In case you missed it, the Kickstarter for Bill Shakespeare is Dead happened. It was fascinating, fun, stressful, enlightening, stressful and…stressful? The game didn’t make it to the goal, but that doesn’t mean this is over. In fact, the game will be back up in just 5 days as I write these words. So this is just a brief intermission. And surely a few lessons were learned, right?
Some of the lessons I learned are really specific to this campaign and its relaunch. Some are more general and might apply to you as well. In any case…here goes!
1. Put the art front and center. This was just silly 0n my part. Seriously silly. The art is one of my favorite parts of the game. And while I think the page itself looked nice, I didn’t do nearly a good enough job showcasing the art. Those characters needed to be front and center, where everyone could appreciate them. Otherwise, what’s the visual hook that keeps people on the page? The Google Analytics for the page tells me that people bounced away to another page pretty quickly, which means they just weren’t hooked.
I think the representative image I used looked nice, but didn’t do a great job of showing off the art. I’ll be ditching the “box” and just showing Shakespeare. Also, the characters will be all over the page.
2. Lower the goal. This should just be obvious, right? Just make it cheaper! But really, lowering the goal means raising the risk. I don’t kick myself for the $10k goal in the first campaign. At that number, it was getting everything I wanted plus a nice buffer. In the next campaign, it’s down to $8k. I think that will really help, but it means the buffer is smaller and the risk is higher. One hopes not to have to put their own money into the project after it funds (you invest your money before ideally), but if that’s what it comes to, that’s what it comes to and I am budgeting appropriately for it.
3. Lowering the pledge. Again, this is one of those obvious things that’s not quite so obvious. Lower the price and get more people, yeah? Frankly, this game is running on a much tighter margin than most games. The general principle in pricing games is to make the MSRP somewhere around 5 times the cost of manufacturing. And let me tell you…that’s not happening here. But the difference between $25 and $30 is vast, psychologically. So I’m prepared to place my bets and make the game less expensive, even if it makes me sweat a bit.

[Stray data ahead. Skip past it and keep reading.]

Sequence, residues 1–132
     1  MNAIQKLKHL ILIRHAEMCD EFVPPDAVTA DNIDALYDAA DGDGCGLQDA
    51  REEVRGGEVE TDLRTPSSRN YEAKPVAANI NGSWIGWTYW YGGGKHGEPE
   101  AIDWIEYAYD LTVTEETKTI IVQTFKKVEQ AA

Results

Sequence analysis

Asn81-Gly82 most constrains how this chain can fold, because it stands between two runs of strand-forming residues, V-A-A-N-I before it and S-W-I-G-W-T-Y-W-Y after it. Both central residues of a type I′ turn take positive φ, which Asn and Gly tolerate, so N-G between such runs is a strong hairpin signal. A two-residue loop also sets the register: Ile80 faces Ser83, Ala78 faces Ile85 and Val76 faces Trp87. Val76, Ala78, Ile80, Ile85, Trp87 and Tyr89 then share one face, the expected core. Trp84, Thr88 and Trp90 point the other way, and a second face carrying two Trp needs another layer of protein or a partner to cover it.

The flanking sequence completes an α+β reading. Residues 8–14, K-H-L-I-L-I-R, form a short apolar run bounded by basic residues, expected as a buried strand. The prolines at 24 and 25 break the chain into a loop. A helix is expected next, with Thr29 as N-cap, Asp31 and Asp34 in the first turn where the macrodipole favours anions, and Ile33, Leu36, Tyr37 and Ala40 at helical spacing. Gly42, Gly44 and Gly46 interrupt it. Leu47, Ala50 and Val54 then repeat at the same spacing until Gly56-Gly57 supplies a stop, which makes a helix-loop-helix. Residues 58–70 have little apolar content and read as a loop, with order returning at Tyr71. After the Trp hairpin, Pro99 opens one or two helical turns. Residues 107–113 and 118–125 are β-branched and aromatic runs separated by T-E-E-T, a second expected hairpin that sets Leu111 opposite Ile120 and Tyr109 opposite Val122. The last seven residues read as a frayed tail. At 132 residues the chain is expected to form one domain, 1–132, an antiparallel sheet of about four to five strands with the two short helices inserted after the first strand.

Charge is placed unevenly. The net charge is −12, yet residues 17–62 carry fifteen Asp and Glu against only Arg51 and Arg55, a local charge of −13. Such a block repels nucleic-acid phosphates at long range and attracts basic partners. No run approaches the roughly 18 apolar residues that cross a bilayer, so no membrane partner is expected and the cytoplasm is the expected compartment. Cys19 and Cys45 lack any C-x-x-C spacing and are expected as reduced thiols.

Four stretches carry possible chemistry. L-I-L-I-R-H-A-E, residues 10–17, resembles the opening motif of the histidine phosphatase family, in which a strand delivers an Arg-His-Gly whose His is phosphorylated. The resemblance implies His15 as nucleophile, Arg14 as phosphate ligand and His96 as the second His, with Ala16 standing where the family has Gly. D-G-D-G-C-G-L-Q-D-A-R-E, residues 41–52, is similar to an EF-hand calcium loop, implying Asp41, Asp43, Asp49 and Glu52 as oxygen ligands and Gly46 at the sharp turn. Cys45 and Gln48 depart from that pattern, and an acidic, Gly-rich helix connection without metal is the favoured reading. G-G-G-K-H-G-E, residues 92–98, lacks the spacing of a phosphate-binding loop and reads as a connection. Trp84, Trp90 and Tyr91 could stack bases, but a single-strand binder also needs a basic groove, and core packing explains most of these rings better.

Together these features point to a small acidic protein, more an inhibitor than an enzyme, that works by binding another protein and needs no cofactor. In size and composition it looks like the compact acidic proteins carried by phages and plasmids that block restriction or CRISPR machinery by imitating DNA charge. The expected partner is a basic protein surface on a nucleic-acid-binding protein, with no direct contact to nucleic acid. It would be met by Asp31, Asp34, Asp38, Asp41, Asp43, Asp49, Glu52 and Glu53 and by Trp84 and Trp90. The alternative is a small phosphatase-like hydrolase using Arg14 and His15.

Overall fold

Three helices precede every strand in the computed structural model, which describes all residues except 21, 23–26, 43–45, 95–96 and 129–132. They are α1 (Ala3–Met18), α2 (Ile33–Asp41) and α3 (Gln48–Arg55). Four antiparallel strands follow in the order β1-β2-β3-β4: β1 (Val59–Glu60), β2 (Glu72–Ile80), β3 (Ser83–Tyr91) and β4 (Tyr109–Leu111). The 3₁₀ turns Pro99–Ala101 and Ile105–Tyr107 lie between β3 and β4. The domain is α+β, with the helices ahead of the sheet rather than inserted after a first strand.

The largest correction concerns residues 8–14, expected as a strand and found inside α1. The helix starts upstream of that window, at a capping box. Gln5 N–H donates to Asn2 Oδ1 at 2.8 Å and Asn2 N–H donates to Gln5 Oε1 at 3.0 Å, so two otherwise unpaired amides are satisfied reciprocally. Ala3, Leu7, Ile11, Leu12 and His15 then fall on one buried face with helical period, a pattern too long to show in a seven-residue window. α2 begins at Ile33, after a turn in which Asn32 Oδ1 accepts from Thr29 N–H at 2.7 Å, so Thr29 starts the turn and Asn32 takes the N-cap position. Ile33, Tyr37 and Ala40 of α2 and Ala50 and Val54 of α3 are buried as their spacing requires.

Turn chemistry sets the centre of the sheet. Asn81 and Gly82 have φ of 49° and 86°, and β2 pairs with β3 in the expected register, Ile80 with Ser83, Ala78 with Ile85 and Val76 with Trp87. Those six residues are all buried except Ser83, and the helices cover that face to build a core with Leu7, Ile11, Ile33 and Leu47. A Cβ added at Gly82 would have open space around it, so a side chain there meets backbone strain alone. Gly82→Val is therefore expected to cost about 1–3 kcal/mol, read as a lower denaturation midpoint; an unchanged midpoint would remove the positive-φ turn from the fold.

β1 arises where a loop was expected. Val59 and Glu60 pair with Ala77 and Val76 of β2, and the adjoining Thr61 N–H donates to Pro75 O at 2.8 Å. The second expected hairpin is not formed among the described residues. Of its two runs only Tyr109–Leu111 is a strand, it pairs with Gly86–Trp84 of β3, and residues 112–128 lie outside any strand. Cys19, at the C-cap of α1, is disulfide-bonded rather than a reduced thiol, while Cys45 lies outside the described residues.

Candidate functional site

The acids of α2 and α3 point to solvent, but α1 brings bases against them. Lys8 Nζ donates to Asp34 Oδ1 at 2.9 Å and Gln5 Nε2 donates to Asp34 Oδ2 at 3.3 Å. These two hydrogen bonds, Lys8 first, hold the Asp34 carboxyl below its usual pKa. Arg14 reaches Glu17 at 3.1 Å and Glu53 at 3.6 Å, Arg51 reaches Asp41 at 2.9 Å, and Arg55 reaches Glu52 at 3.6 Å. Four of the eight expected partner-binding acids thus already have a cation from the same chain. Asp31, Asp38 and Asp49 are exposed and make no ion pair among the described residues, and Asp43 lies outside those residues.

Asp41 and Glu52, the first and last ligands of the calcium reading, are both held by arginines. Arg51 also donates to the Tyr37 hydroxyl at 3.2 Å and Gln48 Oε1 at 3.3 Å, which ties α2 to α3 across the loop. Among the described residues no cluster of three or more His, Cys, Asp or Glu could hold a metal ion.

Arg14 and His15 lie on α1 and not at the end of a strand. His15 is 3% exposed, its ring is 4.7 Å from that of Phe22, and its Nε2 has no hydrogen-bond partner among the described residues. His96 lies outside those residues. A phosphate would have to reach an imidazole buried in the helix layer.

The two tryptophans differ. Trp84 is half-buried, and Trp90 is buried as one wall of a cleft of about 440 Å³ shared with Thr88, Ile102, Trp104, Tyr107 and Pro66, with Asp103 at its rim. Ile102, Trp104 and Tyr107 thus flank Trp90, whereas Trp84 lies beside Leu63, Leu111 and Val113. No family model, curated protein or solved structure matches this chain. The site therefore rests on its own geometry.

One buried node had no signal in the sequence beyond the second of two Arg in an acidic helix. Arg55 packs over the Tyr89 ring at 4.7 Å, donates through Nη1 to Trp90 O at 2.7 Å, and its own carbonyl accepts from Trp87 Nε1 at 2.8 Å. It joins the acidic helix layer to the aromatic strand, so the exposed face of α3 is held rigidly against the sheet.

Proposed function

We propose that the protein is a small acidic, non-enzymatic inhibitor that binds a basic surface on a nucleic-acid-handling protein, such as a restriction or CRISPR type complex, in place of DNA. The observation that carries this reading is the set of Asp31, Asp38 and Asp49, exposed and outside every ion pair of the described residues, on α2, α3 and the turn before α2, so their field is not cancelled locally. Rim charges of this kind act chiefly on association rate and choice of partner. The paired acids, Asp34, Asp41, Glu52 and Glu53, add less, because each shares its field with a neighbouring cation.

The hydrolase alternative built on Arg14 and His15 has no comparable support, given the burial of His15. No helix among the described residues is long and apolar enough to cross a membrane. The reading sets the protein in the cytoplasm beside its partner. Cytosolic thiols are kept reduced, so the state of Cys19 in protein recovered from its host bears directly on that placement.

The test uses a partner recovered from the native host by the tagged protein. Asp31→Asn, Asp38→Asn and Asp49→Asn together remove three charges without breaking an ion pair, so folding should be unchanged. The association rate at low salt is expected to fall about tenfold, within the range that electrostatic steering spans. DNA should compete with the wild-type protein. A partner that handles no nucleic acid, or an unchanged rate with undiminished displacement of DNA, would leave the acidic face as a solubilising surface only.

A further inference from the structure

4. Make it family friendly. There are a lot of people who like adult games. And frankly, Bill Shakespeare is Dead has always been a rough PG-13 at its very worst. But the feedback I’ve gotten overwhelmingly tells me that the audience will be much broader if the base game is family friendly right out of the box. Now, that doesn’t mean that it won’t be a little bawdy (Hilariously Fake Breasts are staying in) or a little on the gross side (Trunk Full of Toenails). But some of the more extreme stuff? That’s going into…
5. Expansions. It seems that, at every demo, someone asks if there are going to be expansions. I think it’s a great idea, so why not start right off the bat? This next campaign will feature a deluxe model with your choice of 3 expansion packs of Nouns and Verbs. So those who want the NSFW experience will be able to pick that up. Those that want a really Shakesperean experience (like teachers!) can grab the Shakespeare pack. Along with those are a Family Friendlier pack and a Pop Culture pack. This means that people can really get the game they want, customizing the whole way.
6. Smarter Advertising. Let’s be completely real: advertising on BoardGameGeek is really expensive. It’s $500 just to get your foot in the door. Booking the front page (which is really just the top-most banner) is another $200 for a day. Now, I’m not saying it isn’t worth it. I have no doubt that the campaign brought in $700 in pledges from people who clicked on the ads. But A) it wasn’t a great return on investment because B) I don’t believe this is the right kind of game for those ads.
Ads on BGG are great for games that really appeal to the hardcore gamer crowd and/or games that have a big name behind them. If someone is already anticipating a game, then they see an ad for it, that can prompt them to jump on it right then. But frankly, the world of party games doesn’t always intersect with the world of who logs on to BGG. So while we may have gotten $700 worth of pledges from there, it isn’t necessarily the best use of money.
Instead, a better use of ad funds is likely Facebook. Facebook allows you to directly target certain demographics. So instead of just a wash of gamers, I can tailor my ads to those who like Cards Against Humanity. Or Shakespeare. Or people who indicate they are english teachers. There are a wide variety of people who might love Bill Shakespeare is Dead, but they don’t necessarily hang out on the same Venn diagrams. Plus, Facebook allows you to see the stats, so you can tweak things if need be. That kind of feedback is crucial.
And finally, there’s no replacement for the tribe. Gathering a following is a thing that takes time and effort. Over 100 people pledged for Bill Shakespeare is Dead this last time out. So now we’ve got supporters. People who are excited about the game. People who will champion it to others. You can’t buy that with ads.
So let’s get ready to raise the curtain for Act II on May 19th!